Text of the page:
Number Theory Seminar: Explicit modular approaches to generalized Fermat equations

  • Date: 04/15/2010
David Brown (UC Berkeley)

University of British Columbia


Let $a,b,c \geq 2$ be integers satisfying $1/a + 1/b + 1/c > 1$. Darmon and Granville proved that the generalized Fermat equation $x^a + y^b = z^c$ has only finitely many coprime integer solutions; conjecturally something stronger is true: for $a,b,c \geq 3$ there are no non-trivial solutions and for $(a,b,c) = (2,3,n)$ with $n \geq 10$ the only solutions are the trivial solutions and $(\pm 3,-2,1)$ (or $(\pm 3,-2,\pm 1)$ when n is even).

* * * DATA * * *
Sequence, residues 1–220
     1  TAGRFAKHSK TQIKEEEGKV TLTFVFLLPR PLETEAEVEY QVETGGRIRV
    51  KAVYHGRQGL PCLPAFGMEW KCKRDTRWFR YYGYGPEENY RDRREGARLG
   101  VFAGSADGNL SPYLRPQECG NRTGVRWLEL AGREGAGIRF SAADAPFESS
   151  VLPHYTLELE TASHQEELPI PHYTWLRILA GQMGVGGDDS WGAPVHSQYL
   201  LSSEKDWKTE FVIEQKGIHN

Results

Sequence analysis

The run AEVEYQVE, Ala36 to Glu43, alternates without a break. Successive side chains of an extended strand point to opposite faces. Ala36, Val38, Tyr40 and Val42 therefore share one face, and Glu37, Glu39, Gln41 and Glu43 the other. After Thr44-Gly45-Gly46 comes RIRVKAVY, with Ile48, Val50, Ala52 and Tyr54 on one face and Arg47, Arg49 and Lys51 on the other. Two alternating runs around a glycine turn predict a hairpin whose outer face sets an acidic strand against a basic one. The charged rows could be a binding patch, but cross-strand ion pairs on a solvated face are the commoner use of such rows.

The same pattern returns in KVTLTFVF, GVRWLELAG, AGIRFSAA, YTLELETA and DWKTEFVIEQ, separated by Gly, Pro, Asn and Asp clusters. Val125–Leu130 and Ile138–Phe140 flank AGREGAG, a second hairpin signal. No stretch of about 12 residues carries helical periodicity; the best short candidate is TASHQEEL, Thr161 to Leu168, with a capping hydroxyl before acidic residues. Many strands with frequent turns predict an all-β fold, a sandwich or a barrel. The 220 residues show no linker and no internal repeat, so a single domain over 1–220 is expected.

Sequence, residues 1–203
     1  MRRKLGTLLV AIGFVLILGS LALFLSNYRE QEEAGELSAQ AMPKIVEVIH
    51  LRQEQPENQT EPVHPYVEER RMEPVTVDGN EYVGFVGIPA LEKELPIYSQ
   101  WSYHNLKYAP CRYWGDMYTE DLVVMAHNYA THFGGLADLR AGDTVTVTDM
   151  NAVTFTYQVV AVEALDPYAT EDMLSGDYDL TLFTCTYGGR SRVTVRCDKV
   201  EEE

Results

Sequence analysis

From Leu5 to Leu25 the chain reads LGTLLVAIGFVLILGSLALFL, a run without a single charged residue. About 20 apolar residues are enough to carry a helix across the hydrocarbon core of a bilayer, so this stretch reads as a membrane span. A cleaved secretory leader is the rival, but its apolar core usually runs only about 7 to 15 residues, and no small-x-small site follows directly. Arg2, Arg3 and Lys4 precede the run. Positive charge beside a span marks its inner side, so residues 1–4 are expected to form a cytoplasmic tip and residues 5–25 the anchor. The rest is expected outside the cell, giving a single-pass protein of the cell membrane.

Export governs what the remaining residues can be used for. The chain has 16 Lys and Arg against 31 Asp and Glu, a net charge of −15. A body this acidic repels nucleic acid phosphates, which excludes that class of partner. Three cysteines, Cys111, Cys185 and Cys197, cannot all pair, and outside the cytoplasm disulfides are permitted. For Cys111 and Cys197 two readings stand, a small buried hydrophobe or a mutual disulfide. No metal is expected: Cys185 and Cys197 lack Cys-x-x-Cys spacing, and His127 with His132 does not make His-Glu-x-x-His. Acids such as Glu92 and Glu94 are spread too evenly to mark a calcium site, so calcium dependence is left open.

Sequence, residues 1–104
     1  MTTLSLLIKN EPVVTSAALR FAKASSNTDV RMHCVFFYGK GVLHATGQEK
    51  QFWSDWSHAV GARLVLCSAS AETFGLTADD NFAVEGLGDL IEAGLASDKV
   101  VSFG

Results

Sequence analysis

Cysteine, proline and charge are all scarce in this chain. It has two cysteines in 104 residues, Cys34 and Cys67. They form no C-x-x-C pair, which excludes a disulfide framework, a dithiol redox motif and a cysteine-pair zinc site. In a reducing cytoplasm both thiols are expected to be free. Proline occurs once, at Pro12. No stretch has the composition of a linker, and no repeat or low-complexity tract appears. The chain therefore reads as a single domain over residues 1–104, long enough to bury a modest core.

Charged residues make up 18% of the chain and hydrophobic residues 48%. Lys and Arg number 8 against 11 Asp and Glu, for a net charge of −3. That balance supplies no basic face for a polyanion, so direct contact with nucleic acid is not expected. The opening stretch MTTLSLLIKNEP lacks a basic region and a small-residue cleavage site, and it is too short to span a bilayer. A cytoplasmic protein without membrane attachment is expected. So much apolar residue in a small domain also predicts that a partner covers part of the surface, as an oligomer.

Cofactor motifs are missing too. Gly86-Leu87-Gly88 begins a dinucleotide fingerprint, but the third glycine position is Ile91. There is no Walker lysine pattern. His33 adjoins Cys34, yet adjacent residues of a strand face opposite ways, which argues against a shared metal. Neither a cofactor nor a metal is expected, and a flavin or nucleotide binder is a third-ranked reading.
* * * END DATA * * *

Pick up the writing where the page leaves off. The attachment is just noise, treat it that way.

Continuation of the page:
I'll explain how the modular method used to prove Fermat's last theorem adapts to generalized Fermat equations and use it to solve the equation $x^2 + y^3 = z^{10}$. One new ingredient is the use of number field enumeration techniques to classify Galois representations associated to hypothetical solutions; classically one uses Ribet's level lowering theorem, but here the representations are wildly ramified and his method does not apply.


4:00 - 4:50pm, WMAX 110.

Refreshments will be served before the talk.